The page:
When you hug your partner and express genuine compassion, or send a note in your young child's lunchbox letting her know you made that sandwich just for her, it's your good intentions—not just your nice behavior—that may significantly improve their day.
According to a University of Maryland researcher, the way we perceive another person's intentions can actually alter our physical experiences. Simply put: good intentions make a difference.
In a series of experiments published in the journal Social Psychological and Personality Science, Kurt Gray, author of "The Power of Good Intentions," found that the expression of good intentions can enhance all kinds of experiences.
In one study, Gray compared three groups of participants—each of whom received small electric shocks of the same intensity by their partner. The first group was told the shock was an accident, and was done without their partner's awareness. The second group was told they were being shocked on purpose, for no good reason. The third group of participants was told they were being shocked on purpose, but it was because another person was required to do that in order to help them win money. Participants in the third group indicated that they experienced significantly less pain than the other two groups, despite the fact that the strength of the shock was identical in all three groups.
Why does this study matter? After all, we're not routinely subjected to electrical shocks! Yet these findings can be applied to other aspects of our daily lives. For example, most of us (and our kids) have experienced some pain or discomfort during medical or dental procedures. Would this pain be diminished if these procedures were accompanied by a hefty dose of kindness and good intentions? Maybe bedside manner is more important than we realize.
In a different study, Gray compared the experiences of people who received a massage from an electronic massage pad to those who received a massage from their partner. Although the massages in the study were designed to be identical, massages from partners generated significantly greater pleasure than computerized massages.
The takeaway message from this experiment is that human connections (and the kindness that can accompany them) have the potential to make our experiences more enjoyable.
In a third study, Gray gave subjects candy in a package with a note attached. Some participants received a note that said: "I picked this just for you. Hope it makes you happy." Other participants saw a note that read: "Whatever. I just don't care. I picked it randomly." The candy in the first group was not only described as better tasting, it was rated as significantly sweeter than the identical candy in the other group.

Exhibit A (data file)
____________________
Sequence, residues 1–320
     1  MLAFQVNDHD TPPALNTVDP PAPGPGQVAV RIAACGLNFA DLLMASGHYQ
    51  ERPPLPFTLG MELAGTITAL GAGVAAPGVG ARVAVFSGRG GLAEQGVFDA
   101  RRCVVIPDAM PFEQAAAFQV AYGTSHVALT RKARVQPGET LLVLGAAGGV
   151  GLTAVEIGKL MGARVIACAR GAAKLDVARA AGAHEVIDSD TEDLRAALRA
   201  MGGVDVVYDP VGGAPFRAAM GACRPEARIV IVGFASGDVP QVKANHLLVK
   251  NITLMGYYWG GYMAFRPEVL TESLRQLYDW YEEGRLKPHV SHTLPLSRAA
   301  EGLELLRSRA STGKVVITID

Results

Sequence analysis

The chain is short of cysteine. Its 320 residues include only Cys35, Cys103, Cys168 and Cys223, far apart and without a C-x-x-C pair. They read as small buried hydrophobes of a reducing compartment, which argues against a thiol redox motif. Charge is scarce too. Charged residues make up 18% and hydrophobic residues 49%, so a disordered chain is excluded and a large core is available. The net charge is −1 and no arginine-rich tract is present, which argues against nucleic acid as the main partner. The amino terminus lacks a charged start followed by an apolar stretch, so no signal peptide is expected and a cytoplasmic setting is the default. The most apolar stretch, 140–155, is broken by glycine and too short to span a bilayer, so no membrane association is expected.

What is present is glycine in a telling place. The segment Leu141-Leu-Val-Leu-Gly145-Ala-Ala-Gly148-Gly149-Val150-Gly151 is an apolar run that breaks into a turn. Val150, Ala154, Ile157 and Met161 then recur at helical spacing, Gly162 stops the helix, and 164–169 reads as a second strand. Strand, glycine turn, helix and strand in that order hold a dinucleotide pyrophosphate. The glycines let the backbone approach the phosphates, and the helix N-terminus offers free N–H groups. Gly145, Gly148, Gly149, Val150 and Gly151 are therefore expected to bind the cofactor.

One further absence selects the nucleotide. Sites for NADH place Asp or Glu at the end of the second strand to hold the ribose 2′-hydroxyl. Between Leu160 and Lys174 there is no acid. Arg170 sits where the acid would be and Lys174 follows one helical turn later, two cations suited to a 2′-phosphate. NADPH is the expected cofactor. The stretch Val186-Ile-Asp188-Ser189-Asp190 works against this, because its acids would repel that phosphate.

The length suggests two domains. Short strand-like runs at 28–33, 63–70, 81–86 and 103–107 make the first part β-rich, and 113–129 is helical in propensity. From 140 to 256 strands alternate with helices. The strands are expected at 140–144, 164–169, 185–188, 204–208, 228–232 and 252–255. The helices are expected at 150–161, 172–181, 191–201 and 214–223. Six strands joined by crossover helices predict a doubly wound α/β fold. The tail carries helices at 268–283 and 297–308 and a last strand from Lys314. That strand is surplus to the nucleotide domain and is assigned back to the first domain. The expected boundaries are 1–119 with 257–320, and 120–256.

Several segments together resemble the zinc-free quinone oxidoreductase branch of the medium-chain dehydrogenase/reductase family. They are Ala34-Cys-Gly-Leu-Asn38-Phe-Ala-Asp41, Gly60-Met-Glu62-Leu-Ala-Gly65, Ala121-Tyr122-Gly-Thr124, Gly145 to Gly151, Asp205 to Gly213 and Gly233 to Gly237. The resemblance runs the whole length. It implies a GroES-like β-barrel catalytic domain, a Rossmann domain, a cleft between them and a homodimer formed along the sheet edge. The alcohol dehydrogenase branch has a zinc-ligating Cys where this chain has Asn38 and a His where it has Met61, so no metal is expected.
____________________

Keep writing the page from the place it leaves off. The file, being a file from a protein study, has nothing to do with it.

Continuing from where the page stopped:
The sweet message we can learn from this candy study: even small gestures can make a big difference.
What You Can Do
How can you communicate good intentions in your home and community? Here are some suggestions:
–Express yourself. It's always great when you do nice things for others, but be sure to let them know the feelings behind your behaviors. For example, instead of simply serving dinner to your family, you might say, "I know how much you all love Mexican food, and I made this recipe just for you." Instead of just giving a hug in the morning as everyone walks out the door, you might say, "I'll be thinking of you and hoping you have a great day."
–Watch your body language. When you speak to your friend in a kind voice, or smile when your child tells you about his favorite activity in school, you can change the way they feel about themselves and their world. Your tone and your gestures can communicate a variety of messages. Pay attention to them!
–Repeat, repeat, repeat. The more opportunities you can find to convey sincere good intentions towards others—family, friends, co-workers—the better. Imagine being able to improve physical experiences simply by expressing kind words and actions. What an easy and powerful way to make a difference in the lives of others.
How do you communicate good intentions? Please share your ideas in the comments section.